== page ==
Solstice Morning Solstice Morning
Solstice Morning Solstice Morning
Solstice Morning Trickle Down – Milan Misko & Nana Tsuda Misko
Trickle Down – Milan Misko & Nana Tsuda Misko Trickle Down – Milan Misko & Nana Tsuda Misko
Amelia Golden, filmmaker Cathryn Lundgren
Tamara Wilcox Composer  

A Dynamic Duo

Between the Baryshnikov Arts Center and the DANY, a new duet was created within a few rehearsals by a dynamic husband and wife team. Milan Misko is a tremendous force as a dancer, and you’ll surely recognize him from past works. His wife, Nana Tsuda Misko, is new to my process, but you could’ve fooled me. She was right there with every move and picked up very fast on my style. The two of them were so helpful in ironing out the kinks with the lifts, and were so resourceful in working out the minutiae of how to get from point A to point B. The nuts and bolts of the dance were hammered out in no time, but the real stuff of the piece was still simmering.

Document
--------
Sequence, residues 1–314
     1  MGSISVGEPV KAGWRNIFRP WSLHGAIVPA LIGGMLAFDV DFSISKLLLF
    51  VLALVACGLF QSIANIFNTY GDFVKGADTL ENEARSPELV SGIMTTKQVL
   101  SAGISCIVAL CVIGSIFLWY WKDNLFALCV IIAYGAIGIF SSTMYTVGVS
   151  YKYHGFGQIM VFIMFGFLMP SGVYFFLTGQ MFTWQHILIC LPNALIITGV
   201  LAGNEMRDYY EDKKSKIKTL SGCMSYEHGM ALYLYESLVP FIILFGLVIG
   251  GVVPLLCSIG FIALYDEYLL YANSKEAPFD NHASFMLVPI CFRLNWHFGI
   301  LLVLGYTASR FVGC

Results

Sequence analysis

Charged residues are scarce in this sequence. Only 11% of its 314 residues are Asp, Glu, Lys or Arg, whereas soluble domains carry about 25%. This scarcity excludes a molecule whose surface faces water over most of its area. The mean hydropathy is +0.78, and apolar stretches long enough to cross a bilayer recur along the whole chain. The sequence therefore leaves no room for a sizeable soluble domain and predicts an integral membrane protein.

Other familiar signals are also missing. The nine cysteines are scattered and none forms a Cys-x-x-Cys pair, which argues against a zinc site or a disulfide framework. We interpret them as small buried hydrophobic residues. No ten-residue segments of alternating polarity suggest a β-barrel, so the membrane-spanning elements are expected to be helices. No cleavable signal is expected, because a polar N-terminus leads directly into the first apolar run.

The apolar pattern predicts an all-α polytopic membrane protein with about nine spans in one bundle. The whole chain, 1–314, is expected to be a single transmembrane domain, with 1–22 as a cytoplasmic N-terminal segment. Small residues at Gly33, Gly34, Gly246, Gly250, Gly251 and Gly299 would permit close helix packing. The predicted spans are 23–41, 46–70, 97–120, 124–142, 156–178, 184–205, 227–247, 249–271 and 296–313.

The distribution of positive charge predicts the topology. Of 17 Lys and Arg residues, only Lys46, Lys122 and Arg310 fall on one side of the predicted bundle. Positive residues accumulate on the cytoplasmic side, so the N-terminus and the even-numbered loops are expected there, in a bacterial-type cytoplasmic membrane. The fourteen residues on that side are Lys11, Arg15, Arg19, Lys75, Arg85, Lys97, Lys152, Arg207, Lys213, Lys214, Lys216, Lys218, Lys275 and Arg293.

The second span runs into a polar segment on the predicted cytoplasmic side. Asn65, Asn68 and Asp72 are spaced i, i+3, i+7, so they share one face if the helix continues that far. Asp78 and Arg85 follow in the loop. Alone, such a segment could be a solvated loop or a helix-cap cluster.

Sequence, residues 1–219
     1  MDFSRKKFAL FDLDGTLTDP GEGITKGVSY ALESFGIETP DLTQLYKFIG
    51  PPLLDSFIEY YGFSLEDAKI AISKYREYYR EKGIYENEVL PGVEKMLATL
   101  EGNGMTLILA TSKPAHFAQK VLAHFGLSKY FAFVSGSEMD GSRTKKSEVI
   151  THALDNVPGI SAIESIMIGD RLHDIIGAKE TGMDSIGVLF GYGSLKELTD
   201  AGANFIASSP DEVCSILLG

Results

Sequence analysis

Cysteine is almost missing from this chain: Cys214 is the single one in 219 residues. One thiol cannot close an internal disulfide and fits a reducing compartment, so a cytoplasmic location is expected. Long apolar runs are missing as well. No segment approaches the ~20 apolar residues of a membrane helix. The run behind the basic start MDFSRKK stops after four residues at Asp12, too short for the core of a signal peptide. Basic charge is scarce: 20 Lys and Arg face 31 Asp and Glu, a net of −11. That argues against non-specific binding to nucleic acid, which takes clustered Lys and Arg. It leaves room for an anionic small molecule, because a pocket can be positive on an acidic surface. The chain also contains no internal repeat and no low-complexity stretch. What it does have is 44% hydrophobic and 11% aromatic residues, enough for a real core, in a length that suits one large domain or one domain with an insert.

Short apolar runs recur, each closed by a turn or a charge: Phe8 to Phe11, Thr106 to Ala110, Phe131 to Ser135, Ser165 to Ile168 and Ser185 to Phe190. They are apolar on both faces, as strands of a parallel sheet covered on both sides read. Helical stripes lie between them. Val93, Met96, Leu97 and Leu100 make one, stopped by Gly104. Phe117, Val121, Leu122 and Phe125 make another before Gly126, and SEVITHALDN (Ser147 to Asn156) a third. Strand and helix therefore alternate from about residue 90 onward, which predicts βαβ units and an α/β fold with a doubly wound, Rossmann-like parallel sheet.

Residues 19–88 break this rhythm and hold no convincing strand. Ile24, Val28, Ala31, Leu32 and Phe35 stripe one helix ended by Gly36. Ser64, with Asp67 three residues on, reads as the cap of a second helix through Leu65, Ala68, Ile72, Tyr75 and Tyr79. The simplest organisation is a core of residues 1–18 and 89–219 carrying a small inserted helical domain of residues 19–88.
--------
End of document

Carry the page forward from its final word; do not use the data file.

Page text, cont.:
Trickle Down came from the idea of how we continue to march on in life, no matter how hard it gets. We are the great vessels from which our daily life’s laundry resides. There has been much loss in all of our lives, and especially this year with so many of us. We, as dancers, filter all this loss — from our recent history, to our ancestral ties — and as it continues to trickle down  into every fiber of our being, we find it necessary to express it in our movement. It seemed that we downloaded this idea into the blueprint of this work, realizing all its potential only when we were in the last minutes of our taping, just a couple weeks ago. It was a cold studio that last day at the DANY, and we were not altogether sweating, but the heat was rising, and the passion was growing. Alas, the final run-thrus were hot, and the dancers gave it their all.

I hope that you’ll take a peek into our gallery of pictures to see these two amazing dancers at work. Cathryn Lundgren blessed us with her presence again, utilizing all of her skills as a masterful dance photographer, as well as her keen eye behind the video camera. As for the final performance, stay tuned… you haven’t seen the last of this dynamic duo! It’s scheduled to — trickle down — soon.